How To Express Our Thoughts Clearly?

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How to express thoughts? This is one of the most difficult steps I faced regularly when I start thinking writing about on a given subject.

Managing editor of Library Hub, Emily Temple writes that the following writing advice from renowned poet Robert Frost were her most useful framework for her as a writer and a reader.

  • “Begins in delight and ends in wisdom.”
  • “No tears in the writer, no tears in the reader. No surprise for the writer, no surprise for the reader.”

Kevin Dickinson, Learning Curve columnist at Big Think and Big Think+, shares his three rules of effective communication in a recent Big Think article. The following are the key takeaways from the article:

  • Whether you are a public speaker or having a heart-to-heart, it can be challenging to express your thoughts clearly.
  • Alan Alda recommends making no more than three points, explaining difficult ideas in three ways, and repeating key points three times.
  • However, these strategies will fall flat if not paired with an honest desire to connect with other people.

Temple writes that Alan Alda‘s one of the well known public speaker, science enthusiast, and long-time advocate for better science communication and has reportedly interviewed many scientists and has won many journalist awards as well. Temple writes the following three strategies for better communications:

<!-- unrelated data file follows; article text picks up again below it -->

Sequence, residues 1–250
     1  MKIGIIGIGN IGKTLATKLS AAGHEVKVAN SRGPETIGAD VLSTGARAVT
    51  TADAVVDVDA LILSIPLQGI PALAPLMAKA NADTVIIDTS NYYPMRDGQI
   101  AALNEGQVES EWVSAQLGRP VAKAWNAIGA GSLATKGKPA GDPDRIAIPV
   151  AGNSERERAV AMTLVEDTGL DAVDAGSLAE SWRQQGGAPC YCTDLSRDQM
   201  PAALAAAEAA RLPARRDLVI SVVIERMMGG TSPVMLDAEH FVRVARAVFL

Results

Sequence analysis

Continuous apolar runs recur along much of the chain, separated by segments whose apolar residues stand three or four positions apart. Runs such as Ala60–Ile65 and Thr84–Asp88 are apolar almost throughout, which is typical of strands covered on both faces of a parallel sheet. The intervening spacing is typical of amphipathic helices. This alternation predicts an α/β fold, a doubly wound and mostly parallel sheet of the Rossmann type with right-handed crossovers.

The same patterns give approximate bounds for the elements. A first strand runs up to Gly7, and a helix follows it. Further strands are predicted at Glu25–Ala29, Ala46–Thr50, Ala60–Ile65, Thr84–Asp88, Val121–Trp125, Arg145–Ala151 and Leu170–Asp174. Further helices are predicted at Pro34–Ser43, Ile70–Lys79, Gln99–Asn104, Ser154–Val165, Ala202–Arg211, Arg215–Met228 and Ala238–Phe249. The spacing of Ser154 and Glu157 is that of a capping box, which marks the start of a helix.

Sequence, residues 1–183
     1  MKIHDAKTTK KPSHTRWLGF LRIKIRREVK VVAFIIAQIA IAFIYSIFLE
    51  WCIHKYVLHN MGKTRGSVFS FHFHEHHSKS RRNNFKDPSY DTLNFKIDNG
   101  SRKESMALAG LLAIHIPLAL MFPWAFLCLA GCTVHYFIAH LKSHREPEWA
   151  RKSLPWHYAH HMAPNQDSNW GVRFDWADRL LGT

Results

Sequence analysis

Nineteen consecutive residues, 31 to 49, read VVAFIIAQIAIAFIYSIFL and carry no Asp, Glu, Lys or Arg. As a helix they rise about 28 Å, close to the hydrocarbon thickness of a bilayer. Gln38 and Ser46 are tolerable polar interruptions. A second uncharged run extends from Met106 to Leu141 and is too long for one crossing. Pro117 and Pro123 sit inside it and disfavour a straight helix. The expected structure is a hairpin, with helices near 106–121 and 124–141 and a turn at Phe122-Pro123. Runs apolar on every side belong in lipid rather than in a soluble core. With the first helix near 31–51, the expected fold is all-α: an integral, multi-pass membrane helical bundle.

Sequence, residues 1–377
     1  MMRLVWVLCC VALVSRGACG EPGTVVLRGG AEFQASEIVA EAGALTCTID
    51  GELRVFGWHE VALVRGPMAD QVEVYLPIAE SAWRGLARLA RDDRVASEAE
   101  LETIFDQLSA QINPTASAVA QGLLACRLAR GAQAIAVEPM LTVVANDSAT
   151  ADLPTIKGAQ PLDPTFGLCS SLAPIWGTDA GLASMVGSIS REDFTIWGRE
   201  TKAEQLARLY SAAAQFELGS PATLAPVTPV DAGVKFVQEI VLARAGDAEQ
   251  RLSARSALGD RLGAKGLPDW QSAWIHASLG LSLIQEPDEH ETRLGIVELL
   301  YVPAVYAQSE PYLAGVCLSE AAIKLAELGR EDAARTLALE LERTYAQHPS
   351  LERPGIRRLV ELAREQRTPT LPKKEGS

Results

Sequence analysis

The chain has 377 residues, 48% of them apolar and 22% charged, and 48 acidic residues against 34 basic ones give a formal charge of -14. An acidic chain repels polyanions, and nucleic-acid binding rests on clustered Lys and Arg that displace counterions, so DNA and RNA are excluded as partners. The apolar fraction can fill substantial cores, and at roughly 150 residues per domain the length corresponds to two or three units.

• Make no more than three points. Alda advises “you to limit your conversation points to no more than three, allowing you and your partner to focus on the thought at hand while avoiding disruptive additions”.
  • Explain difficult ideas in three different ways. “If I have a difficult thing to understand, if there’s something I think is not going to be that easy to get, I try to say it in three different ways. I think if you come in from different angles you have a better chance of getting a three-dimensional view of this difficult idea,” Alda in an interview.
  • Make important points three times. “Repetition is a powerful communication tool because it helps us identify key information and transfer it from short-term to long-term memory”. 

Quoting Alda, Temple writes “the true heart of communication is connection. Your goal shouldn’t be to enthrall your audience with a creative metaphor, meaningful pause, or witticism. That’s rhetoric, not communication”.